The world’s biggest political organization, China’s Communist Party (CCP), wants to become a little more exclusive. For the first time in 24 years, the CCP is overhauling how it vets new entrants, and putting the emphasis back on “socialist core values.”
While the plan is to make the party more selective and less prone to corruption, the curbs may also hasten an already declining relevance of the party in the day-to-day lives of regular Chinese.
Right now, the party’s 85 million members range from farmers and university students to entrepreneurs and movie stars—and of course, all of China’s ruling officials, like current leader Xi Jinping.
Over the past few decades, the CCP morphed from the revolutionary party of the proletariat (mostly the working class, farmer and soldiers) into a massive business networking club. For university students, membership can help in getting good jobs with the government or state-owned enterprises. For many Chinese over the age of 40, party membership is an important status symbol, one that comes with faster promotions and better business connections.
As party cells began admitting businessmen, entrepreneurs, more ethnic minorities and other previously barred groups, the overall party expanded quickly. Membership in 1950 was only around 5 million in 1950; over the past decade its has grown by at least one million a year to 85 million. Today, it has as many professionals as farmers and workers and almost half of members have a junior college degree or higher.
It’s this size, diversity, and prevailing self-interest among party members that seems to concern Xi. According to new rules published by the central office of the party this week, “efforts should be made to limit the size of the Party and to improve its structure and quality,” and allow for more “prudent” and “balanced” growth. Under the new rules, only those of “with correct motivation” should be accepted, and applications must be reviewed by the party officials overseeing a local branch.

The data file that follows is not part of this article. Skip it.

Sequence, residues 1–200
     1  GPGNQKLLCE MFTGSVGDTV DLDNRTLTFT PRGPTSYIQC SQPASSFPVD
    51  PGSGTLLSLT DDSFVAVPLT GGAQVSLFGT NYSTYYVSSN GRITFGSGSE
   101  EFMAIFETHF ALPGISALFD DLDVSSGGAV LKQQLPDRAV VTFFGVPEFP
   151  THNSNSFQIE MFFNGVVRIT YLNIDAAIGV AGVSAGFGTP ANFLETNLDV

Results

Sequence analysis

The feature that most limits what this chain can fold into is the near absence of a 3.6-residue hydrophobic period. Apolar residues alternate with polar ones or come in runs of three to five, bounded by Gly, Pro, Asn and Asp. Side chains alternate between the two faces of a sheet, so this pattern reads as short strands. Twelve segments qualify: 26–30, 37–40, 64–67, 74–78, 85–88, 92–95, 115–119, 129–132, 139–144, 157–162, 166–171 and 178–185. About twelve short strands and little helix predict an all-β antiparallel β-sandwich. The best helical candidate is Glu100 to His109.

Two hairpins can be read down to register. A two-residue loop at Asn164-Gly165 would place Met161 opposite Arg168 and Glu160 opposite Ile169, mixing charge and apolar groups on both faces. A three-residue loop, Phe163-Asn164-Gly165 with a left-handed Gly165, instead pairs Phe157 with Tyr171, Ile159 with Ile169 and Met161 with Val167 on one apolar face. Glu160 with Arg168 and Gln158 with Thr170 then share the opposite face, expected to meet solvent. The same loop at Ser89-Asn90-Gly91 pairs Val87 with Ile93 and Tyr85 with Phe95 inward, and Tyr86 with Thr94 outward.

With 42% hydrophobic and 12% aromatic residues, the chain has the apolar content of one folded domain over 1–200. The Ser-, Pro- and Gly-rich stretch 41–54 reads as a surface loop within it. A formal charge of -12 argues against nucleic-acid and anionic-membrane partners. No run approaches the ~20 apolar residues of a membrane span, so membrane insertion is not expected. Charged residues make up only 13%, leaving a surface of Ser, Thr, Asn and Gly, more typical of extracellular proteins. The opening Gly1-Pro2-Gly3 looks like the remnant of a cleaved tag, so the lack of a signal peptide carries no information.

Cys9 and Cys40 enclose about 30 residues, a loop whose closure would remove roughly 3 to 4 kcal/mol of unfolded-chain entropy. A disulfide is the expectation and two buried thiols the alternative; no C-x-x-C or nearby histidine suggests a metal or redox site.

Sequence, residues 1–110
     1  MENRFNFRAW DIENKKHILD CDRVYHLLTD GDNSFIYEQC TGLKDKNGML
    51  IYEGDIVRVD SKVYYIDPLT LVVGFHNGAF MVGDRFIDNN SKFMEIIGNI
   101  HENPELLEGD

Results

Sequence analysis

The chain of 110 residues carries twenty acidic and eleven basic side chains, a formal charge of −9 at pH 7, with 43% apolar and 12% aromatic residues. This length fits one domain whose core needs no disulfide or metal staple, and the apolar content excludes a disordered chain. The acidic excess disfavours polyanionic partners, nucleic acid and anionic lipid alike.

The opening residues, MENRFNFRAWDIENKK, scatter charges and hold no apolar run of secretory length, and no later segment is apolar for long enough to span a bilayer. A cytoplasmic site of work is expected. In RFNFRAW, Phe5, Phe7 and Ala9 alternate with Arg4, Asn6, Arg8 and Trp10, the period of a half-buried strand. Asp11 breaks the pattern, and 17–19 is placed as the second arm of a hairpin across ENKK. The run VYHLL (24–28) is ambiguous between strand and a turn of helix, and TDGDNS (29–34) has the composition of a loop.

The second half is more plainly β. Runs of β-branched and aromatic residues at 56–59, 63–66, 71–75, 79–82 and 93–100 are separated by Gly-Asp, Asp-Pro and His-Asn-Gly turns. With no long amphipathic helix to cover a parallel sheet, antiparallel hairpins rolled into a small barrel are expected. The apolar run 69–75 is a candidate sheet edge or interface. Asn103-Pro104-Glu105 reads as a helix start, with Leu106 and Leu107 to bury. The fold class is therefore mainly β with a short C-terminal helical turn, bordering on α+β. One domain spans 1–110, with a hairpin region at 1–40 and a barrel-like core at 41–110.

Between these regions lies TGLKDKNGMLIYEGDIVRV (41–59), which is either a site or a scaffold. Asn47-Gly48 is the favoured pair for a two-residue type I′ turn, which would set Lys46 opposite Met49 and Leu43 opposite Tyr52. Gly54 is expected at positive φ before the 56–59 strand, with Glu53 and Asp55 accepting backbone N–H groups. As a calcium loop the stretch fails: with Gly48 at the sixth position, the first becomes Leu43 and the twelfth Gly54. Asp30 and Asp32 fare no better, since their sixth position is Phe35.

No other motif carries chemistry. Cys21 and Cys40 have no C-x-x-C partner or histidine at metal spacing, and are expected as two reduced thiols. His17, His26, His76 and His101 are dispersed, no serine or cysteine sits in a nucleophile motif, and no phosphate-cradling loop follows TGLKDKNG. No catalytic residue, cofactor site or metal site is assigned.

There’s some signs that as the party started admitting more members, the cachet associated with membership has dropped. Employment rates for young party and non-party members are about the same, and non-members actually a little better off—about 85% compared to 80% found jobs within two months of graduating university, according to a recent survey of 12 universities by the Chinese Academy of Social Sciences.
Today, local party chapters—in neighborhoods and companies—rarely meet and when they do, many cadres are more interested in trips or other activities than the traditional meetings for studying new guidelines from the central party leadership, according to members of local chapters in Beijing.
Proposals to downsize the CCP have been made before—one professor last year called for kicking out over half of current party members—in hopes of rooting out corruption. Last year, Xi ordered party cells to hold “self criticism” sessions and this week, another campaign was announced to weed out officials of “undesirable work styles.”
In recent weeks, dozens of former and current executives of state-owned firms and officials have been expelled from the party.
But just downsizing isn’t likely to reign in the bribery and graft that’s so widespread in the party that government corruption consistently ranks as one of the top concerns in public opinion polls, with many citizens complaining that the country’s elites are growing wealthier and leaving the rest of the country behind.
“There is of course no guarantee that…apparently stricter criteria for admitting members, will ensure that future party members will be less corrupt,” Willy Lam, a researcher of elite Chinese politics at the Chinese University of Hong Kong, told Quartz. “Unless Xi changes the political system…corruption basically cannot be changed. It is built into the system since the CCP monopolizes all power.”
Cathy Sizhao Yi contributed additional reporting.